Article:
The WMD: Nuclear exchange

Depending on your worldview, this 1998 sleeper is either an “end of the world” film for romantics, or the perfect date movie for fatalists.

Anthony Edwards and Mare Winningham give winning performances as a musician and a waitress who Meet Cute at L.A.’s La Brea Tar Pits museum. But before they can hook up for their first date, Edwards stumbles onto a reliable tip that L.A. is about to get hosed…in a major way.

The resulting “countdown” scenario is a genuine, edge-of-your seat nail-biter. In fact, this modestly budgeted 90-minute thriller offers more heart-pounding excitement (and more believable characters) than any bloated Hollywood disaster epic from the likes of a Michael Bay or a Roland Emmerich. Writer-director Steve De Jarnatt stopped doing feature films after this one (his only other credit is the guilty pleasure sci-fi adventure Cherry 2000).

Double Bill: w/ One Night Stand (1984)

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Testament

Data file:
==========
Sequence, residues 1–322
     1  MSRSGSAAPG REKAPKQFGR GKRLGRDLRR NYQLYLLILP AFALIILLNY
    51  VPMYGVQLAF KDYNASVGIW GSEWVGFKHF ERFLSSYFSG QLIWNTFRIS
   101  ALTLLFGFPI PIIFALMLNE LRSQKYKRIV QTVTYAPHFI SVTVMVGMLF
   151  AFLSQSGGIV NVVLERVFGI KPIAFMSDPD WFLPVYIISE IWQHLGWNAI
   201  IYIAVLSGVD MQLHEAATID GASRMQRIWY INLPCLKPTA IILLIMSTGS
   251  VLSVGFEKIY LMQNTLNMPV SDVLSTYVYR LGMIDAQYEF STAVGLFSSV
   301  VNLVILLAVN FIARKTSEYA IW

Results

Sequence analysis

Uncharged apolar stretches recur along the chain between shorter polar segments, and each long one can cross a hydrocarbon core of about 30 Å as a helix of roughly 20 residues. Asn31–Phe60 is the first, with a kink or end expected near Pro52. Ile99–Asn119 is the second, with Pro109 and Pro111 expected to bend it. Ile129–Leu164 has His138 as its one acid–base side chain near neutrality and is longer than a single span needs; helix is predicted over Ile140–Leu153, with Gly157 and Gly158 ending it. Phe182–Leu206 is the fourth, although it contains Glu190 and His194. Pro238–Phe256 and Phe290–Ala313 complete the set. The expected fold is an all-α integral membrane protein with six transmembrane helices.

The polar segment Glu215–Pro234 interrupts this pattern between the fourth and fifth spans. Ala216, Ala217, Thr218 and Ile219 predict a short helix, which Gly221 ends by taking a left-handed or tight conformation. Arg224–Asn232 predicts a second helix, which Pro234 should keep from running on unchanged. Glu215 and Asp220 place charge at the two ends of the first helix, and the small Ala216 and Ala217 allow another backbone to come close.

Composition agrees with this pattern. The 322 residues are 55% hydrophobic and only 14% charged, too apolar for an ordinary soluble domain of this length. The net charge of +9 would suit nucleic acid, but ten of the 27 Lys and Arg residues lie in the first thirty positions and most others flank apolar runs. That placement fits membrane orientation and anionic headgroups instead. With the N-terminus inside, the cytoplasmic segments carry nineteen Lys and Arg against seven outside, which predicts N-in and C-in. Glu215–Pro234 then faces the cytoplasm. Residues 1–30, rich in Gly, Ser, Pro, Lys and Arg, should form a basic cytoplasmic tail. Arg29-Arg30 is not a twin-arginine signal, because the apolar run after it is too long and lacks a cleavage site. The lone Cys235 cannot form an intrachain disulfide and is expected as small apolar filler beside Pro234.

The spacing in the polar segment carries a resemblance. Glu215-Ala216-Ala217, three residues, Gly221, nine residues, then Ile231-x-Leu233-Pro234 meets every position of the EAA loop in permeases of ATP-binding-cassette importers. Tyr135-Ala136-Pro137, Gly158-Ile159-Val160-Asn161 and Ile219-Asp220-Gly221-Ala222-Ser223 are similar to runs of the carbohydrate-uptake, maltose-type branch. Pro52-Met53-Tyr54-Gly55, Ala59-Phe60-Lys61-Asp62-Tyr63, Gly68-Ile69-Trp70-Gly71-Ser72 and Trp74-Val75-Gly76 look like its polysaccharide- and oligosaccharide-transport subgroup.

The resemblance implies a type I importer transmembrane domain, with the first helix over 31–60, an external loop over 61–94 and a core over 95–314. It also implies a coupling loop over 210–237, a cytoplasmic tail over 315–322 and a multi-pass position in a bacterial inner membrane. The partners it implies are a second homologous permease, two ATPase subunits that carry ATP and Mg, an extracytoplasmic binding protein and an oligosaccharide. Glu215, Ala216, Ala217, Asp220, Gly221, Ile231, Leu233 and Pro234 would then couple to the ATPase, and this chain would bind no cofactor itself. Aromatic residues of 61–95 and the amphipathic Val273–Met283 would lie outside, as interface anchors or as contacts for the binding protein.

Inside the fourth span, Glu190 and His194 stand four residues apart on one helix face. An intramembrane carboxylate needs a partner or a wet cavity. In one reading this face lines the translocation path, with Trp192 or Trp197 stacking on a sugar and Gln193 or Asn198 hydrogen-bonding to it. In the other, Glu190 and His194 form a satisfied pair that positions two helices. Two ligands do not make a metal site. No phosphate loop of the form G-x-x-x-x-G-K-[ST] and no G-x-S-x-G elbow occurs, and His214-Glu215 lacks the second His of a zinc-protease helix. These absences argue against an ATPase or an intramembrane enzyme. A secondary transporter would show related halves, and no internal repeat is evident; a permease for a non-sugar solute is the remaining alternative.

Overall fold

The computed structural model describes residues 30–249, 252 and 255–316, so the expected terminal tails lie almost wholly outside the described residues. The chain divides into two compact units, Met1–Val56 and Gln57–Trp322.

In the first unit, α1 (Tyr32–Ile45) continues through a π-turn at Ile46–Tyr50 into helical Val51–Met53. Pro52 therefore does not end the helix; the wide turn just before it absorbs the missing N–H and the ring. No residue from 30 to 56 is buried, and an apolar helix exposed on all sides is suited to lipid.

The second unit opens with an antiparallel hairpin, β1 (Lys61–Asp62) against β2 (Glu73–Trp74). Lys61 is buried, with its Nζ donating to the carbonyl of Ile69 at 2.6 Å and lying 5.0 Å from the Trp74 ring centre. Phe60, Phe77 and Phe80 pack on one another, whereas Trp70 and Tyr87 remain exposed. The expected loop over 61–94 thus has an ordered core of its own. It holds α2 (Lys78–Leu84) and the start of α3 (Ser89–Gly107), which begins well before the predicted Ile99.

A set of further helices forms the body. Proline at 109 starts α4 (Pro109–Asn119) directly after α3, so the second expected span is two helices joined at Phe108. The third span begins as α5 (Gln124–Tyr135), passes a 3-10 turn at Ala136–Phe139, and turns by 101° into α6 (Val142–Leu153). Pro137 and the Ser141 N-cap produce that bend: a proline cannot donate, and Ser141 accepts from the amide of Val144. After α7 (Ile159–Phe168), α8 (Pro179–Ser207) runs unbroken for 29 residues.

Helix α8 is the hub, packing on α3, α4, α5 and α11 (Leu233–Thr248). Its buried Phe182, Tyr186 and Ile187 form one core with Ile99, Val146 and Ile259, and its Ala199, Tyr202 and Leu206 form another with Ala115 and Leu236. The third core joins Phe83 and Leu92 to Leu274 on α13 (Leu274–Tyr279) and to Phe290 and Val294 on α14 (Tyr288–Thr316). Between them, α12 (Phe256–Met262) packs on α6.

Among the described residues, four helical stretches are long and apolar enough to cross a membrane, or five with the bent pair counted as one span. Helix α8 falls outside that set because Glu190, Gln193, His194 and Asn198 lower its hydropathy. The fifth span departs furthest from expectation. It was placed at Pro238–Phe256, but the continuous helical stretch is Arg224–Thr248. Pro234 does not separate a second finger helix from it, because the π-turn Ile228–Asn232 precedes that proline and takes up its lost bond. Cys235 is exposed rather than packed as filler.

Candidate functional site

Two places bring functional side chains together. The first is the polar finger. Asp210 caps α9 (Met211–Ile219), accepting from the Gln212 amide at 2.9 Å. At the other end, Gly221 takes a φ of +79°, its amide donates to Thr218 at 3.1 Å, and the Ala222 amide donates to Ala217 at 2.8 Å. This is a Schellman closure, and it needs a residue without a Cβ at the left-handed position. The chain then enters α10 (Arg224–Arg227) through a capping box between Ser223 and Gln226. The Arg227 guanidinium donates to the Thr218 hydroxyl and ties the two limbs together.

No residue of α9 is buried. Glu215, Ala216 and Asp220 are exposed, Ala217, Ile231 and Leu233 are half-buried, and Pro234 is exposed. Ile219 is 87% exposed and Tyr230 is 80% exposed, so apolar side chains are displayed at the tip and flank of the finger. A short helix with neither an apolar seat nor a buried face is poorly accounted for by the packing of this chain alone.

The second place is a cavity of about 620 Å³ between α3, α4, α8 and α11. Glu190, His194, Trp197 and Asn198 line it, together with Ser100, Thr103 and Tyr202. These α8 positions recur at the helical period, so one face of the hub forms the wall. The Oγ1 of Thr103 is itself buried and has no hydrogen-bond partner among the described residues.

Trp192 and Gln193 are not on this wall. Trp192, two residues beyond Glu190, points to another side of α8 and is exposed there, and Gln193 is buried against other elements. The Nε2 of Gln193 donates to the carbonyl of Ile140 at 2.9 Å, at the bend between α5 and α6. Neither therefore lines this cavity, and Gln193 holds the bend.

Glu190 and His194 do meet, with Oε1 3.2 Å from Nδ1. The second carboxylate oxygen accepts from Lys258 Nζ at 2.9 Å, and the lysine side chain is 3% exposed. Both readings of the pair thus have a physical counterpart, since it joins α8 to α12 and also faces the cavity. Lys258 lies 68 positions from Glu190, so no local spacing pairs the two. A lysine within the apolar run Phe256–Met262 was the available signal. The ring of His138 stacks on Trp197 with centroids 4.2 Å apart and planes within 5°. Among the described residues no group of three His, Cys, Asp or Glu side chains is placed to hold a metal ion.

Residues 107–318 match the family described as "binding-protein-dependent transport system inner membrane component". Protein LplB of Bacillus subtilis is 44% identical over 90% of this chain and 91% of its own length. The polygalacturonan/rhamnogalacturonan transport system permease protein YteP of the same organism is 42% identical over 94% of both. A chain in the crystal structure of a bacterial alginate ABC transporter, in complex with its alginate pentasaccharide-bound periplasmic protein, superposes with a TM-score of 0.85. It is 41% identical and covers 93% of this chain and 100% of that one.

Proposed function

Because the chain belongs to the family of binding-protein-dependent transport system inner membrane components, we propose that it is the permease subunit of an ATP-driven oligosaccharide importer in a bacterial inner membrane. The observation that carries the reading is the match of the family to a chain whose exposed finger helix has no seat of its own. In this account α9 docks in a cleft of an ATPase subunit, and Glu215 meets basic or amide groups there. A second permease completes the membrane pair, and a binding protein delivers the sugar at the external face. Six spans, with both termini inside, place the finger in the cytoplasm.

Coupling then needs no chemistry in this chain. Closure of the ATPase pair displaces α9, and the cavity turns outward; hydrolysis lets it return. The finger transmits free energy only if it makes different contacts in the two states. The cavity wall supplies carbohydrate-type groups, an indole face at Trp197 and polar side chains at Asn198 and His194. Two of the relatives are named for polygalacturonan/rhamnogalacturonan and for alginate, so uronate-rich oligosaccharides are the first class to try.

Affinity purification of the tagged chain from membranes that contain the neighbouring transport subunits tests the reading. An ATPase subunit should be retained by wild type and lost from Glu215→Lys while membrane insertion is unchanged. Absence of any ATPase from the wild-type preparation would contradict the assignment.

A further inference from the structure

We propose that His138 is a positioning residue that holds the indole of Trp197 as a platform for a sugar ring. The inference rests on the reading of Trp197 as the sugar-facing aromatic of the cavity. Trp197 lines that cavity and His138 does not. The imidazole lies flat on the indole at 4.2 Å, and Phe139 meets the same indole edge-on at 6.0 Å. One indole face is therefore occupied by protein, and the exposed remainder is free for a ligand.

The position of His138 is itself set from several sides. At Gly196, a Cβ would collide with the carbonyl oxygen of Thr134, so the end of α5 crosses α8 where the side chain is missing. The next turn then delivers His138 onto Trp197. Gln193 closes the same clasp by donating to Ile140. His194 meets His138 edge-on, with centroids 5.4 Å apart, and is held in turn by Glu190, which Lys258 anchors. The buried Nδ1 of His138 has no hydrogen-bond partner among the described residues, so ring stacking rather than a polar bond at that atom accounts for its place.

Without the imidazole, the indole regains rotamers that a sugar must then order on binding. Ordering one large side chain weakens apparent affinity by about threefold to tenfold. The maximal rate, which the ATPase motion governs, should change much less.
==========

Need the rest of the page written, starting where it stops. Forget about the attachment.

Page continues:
The WMD: Nuclear fallout

Originally an American Playhouse presentation, this film (with a screenplay adapted by John Sacred Young from a story by Carol Amen) was released to theaters and garnered a well-deserved Best Actress nomination for Jane Alexander. Director Lynne Littman takes a low key approach, but pulls no punches; I think this is what gives her film’s anti-nuke message more teeth and makes its scenario more relatable than Stanley Kramer’s similarly-framed but more sanitized and preachy 1959 drama On the Beach.

Alexander, her husband (William DeVane) and three kids live in sleepy Hamlin, California, where afternoon cartoons are interrupted by a news flash that nuclear explosions have occurred in New York. Then there is a flash of a different kind when nearby San Francisco (where DeVane has gone on a business trip) receives a direct strike.

There is no exposition on the political climate that precipitates the attacks; this is a wise decision, as it puts the focus on the humanistic message of the film. All of the post-nuke horrors ensue, but they are presented sans the melodrama that informs many entries in the genre. The fact that the nightmarish scenario unfolds so deliberately, and amidst such everyday suburban banality, is what makes it very difficult to shake off.